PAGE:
The Trouble With Kangaroos

Consider this a public service alert: Kangaroos are in the Macropodidae family, and you should be worried if this family moves in next to you.  One day they will seem fine, grazing pretty as a picture out on the lawn, but look a short time later and there will be twice as many, thanks to a reproductive assembly line that is capable of churning out three babies in only two years.  Not only that, but all the babies are named Joey.  This is undoubtedly part of their desperate attempt to try and normalize an awkward situation, but do they look like any Joeys you know?

            Adult male kangaroos are all named Buck, Jack, or Boomer.  Females are all named Jill, Flyer, or Doe.  Guessing a stranger’s name at a party is never a problem for a kangaroo.  If they even bother with introductions that is.  At the almost plague-like rate that kangaroos reproduce, they might just pair off at Hello.

            And then there’s the relatives, a kangaroo superfamily of 67 peculiar species from evolution’s trial and error department.  These include the Woylies, the Quokkas, the Pandemelons, the Boodies, the Wallaroos, the Narbaleks, the Bettongs, the Potoroos, and others with names that may sound interesting, but really only disguise a limited grasp of how the world works.  Take any of these Macropods out of Australia or Papua New Guinea and before you know it they’ll be trying to convince you that hopping is the best way to get around, and that funny names help you succeed in life.  They don’t seem to realize that most all of them are hopping towards extinction.  To me this is horribly wrong, but how can you argue with the cats, dogs, cows, and pigs of the world.

            When we think of kangaroos, and who doesn’t, we are usually thinking of three species – the Red, the Western Gray, and the Eastern Gray.  Together they are referred to as the “Great Kangaroos.”  Let me be clear about this, there is nothing great about them.  They have huge, oversized feet (macropod MEANS big foot), and heads that are too small for their bodies.  If they were truly meant to get anywhere in life this would be reversed.  They are plantigrade and syndactylous, and just let that sink in for a minute.  They may be the world’s largest marsupials, but as mammals go, that leaves a lot of room for improvement.  About the best thing you can say about them is that at least they’re not monotremes.  (Although I do have to say that their built-in pockets, or pouches, would be pretty cool for keeping snacks in if it weren’t for the constant presence of a hungry Joey.)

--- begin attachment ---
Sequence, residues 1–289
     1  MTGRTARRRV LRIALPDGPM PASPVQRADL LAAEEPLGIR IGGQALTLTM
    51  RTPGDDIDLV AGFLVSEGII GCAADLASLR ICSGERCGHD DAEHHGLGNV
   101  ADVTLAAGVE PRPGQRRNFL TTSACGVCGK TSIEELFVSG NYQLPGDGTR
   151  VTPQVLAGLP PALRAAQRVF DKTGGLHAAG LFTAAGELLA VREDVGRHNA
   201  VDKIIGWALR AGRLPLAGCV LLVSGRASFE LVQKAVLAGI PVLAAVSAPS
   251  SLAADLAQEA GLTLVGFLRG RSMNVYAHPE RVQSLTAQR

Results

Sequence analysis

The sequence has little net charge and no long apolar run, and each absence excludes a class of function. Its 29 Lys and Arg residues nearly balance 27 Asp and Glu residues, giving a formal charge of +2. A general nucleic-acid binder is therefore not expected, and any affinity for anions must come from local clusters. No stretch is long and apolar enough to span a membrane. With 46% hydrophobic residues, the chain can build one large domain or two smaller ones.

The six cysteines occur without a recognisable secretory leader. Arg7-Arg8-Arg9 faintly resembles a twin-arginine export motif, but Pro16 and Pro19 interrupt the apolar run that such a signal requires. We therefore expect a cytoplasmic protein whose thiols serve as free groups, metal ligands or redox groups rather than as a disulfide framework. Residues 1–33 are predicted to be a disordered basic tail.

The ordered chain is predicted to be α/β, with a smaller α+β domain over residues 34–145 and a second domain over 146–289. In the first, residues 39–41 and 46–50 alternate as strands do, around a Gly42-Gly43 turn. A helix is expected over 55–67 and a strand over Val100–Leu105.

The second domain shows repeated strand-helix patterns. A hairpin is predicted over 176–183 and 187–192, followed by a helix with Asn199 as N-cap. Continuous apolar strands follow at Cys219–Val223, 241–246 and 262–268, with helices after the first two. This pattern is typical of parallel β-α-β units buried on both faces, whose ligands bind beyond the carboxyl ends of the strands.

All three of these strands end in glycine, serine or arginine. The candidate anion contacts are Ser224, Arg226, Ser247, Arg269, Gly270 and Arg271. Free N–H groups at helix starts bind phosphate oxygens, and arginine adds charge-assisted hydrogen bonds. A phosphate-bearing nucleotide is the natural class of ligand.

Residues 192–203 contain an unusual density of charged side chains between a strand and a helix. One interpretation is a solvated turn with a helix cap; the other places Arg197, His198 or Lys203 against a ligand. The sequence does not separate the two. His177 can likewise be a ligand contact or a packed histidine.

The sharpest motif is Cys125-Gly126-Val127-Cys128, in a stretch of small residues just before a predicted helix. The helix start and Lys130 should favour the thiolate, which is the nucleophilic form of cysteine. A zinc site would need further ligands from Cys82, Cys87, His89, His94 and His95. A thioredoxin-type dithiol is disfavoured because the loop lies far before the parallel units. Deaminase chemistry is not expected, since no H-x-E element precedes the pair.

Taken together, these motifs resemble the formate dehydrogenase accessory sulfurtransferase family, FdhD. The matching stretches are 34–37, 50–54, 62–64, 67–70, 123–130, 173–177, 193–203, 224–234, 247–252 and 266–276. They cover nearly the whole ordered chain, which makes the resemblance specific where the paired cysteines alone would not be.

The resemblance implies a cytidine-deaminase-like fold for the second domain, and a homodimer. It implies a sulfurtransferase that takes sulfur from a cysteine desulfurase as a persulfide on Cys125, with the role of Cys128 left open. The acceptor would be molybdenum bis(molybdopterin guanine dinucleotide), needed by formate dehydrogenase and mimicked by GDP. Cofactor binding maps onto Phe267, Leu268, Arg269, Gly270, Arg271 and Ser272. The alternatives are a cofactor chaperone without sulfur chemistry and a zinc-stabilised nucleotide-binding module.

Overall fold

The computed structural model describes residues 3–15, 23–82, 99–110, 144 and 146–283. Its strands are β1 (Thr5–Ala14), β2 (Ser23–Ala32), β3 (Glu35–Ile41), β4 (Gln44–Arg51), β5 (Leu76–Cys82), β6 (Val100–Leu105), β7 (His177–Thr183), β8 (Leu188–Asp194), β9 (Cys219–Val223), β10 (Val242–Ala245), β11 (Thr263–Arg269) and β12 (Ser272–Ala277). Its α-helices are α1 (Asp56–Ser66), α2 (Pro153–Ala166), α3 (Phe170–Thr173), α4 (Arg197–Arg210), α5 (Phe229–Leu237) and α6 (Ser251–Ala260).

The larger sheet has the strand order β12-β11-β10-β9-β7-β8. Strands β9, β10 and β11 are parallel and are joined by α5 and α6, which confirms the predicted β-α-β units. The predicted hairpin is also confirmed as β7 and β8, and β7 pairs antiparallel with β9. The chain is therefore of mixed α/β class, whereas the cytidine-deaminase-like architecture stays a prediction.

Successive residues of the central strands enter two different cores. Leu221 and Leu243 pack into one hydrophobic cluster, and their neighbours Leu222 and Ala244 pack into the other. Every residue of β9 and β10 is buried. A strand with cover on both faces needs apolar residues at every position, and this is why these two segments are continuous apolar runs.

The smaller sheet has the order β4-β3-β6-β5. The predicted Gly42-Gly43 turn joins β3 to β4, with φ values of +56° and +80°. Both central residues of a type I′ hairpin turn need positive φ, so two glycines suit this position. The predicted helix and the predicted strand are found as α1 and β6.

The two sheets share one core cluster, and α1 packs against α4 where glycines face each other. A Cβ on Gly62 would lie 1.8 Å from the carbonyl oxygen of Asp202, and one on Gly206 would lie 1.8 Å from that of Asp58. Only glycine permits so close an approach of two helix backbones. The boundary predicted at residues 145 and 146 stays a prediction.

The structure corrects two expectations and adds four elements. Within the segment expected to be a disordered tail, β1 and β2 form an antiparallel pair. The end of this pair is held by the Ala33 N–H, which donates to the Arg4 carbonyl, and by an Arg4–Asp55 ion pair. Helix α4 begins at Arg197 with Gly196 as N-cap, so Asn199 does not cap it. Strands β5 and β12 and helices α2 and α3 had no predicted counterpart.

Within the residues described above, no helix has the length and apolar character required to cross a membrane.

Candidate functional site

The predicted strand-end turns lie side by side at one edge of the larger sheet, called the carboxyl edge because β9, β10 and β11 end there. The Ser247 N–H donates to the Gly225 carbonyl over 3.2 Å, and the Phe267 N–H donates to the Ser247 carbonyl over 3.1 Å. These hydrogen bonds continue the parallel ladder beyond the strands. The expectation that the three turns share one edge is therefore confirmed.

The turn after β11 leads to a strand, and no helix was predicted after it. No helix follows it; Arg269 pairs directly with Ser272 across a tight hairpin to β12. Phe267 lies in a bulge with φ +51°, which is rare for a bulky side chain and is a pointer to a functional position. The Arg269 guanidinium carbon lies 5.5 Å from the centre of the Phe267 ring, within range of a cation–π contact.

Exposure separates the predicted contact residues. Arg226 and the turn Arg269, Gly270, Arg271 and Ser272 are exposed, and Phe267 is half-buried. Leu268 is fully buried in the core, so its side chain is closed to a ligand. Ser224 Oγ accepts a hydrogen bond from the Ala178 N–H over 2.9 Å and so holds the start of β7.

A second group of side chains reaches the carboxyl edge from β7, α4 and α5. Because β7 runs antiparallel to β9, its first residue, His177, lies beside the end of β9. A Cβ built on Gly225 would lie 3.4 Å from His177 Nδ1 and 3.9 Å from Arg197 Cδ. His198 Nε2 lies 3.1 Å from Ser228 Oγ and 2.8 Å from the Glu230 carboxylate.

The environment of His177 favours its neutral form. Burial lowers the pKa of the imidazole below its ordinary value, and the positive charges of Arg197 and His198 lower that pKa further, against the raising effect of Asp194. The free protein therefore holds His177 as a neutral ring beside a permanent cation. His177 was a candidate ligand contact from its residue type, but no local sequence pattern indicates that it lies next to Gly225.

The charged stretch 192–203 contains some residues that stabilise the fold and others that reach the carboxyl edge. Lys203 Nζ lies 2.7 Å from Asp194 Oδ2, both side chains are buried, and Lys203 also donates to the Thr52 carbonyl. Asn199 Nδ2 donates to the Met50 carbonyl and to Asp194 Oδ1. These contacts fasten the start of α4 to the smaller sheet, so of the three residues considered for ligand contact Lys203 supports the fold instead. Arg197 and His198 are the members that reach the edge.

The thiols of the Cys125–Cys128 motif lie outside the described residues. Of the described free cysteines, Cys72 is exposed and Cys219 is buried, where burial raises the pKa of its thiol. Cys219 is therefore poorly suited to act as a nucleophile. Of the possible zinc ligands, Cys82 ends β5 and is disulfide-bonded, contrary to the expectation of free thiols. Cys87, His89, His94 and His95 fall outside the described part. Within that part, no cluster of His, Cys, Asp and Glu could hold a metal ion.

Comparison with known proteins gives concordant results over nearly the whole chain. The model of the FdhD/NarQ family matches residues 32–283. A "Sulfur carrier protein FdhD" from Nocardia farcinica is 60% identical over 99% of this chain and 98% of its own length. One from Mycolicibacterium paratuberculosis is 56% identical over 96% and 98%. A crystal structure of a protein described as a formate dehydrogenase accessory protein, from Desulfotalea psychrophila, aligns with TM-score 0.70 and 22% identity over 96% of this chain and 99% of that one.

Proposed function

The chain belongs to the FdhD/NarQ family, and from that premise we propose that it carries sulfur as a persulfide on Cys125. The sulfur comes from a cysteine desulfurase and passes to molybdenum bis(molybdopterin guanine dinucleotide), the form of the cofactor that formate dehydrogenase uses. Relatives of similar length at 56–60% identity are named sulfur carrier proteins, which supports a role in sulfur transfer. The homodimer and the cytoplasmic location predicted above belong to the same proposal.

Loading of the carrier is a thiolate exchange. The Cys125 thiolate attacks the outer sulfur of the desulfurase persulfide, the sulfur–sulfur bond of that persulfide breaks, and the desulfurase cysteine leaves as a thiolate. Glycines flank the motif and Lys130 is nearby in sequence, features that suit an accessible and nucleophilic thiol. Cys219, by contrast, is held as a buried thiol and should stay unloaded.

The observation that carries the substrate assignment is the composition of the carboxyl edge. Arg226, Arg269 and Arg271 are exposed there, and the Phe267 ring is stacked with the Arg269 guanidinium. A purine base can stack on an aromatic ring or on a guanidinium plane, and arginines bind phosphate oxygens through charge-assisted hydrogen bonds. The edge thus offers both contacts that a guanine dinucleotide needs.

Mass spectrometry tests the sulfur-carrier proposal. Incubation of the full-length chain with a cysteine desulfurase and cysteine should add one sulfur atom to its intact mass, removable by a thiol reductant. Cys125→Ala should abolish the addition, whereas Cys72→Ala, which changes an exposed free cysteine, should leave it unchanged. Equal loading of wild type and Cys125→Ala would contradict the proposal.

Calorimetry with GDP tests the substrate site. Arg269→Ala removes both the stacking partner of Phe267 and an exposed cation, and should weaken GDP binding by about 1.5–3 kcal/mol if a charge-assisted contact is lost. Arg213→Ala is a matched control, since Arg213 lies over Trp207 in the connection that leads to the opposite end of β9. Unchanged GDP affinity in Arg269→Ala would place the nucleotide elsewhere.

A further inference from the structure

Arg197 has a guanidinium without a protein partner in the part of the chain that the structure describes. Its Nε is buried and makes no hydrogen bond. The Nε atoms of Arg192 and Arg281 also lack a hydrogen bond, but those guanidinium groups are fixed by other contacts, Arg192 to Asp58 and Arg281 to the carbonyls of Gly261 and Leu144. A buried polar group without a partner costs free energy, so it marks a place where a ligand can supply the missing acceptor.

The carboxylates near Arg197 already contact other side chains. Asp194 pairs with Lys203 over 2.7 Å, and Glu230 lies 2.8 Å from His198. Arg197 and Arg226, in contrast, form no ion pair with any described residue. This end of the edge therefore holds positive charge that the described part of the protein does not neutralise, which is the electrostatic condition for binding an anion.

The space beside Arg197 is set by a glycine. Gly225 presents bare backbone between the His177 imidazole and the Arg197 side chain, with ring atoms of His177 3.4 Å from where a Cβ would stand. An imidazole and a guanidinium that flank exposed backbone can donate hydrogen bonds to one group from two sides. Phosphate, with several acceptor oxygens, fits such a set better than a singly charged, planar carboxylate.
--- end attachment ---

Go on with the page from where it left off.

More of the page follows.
The Red Kangaroo is the largest of the bunch, and gets the most attention.  Rightfully so.  At six feet and 200 pounds, it might be comforting for you to know that it’s supposedly an herbivore.  Don’t let that fool you.  Just as with the short-armed boxing pose it may strike if it takes a disliking to you, these things are merely designed to make you laugh and lower your guard before it disembowels you with one powerful kick from its legs.  Legs that hop 40 mph and jump 10 feet high and 25 feet far in a single bound.  Just be thankful that the kangaroo’s ancient ancestors aren’t still around.  Some were nine feet tall and weighed 500 pounds.  Others had fangs.  Herbivores my eye.

            Kangaroos are social animals that live in groups.  These groups, however, are called mobs.  Correct me if I’m wrong, but I don’t believe that mobs of anything can be called social, unless your idea of a friendly get-together involves torches and pitchforks.  There’s a reason why the word mob is usually preceded by angry.  Mobs have one purpose, and that is to intimidate.  Try playing a round of golf in Australia someday with mobs of Eastern Grays roaming the fairways and see how well you do.

            Here’s a couple of real oddities about kangaroos I bet you didn’t know.  I mean not counting the fact that they are essentially extremely large and very aggressive rabbits who are used to having things their own way.  One, they cannot move backwards.  I have to believe that this structural defect must cause an absolute panic whenever one finds itself at the edge of a cliff.  Two, their legs cannot move independently of each other, unless they’re swimming.  Yes, kangaroos are good swimmers, so you might not even be safe from them in your pool or at the lake.

            In conclusion then, if after all this you still feel like you could live with the Macropodidae family next door, don’t say I didn’t warn you.  Just be aware that I never even got to mention the tree kangaroos.

Published by boblorentson

I am a retired environmental scientist and an active daydreamer. I love one-legged air dancers (I think that's what you call them), and I still hate lima beans.

7 thoughts on “The Trouble With Kangaroos

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